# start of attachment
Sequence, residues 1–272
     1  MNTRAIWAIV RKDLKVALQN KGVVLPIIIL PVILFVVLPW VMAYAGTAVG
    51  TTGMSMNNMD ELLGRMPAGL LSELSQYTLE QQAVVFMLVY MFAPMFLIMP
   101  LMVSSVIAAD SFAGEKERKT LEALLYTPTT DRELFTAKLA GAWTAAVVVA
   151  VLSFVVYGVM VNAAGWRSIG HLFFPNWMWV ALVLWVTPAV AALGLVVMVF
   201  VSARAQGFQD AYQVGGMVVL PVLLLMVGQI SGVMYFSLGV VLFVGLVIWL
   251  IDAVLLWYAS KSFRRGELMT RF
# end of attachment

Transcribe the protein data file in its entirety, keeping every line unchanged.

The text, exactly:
Sequence, residues 1–272
     1  MNTRAIWAIV RKDLKVALQN KGVVLPIIIL PVILFVVLPW VMAYAGTAVG
    51  TTGMSMNNMD ELLGRMPAGL LSELSQYTLE QQAVVFMLVY MFAPMFLIMP
   101  LMVSSVIAAD SFAGEKERKT LEALLYTPTT DRELFTAKLA GAWTAAVVVA
   151  VLSFVVYGVM VNAAGWRSIG HLFFPNWMWV ALVLWVTPAV AALGLVVMVF
   201  VSARAQGFQD AYQVGGMVVL PVLLLMVGQI SGVMYFSLGV VLFVGLVIWL
   251  IDAVLLWYAS KSFRRGELMT RF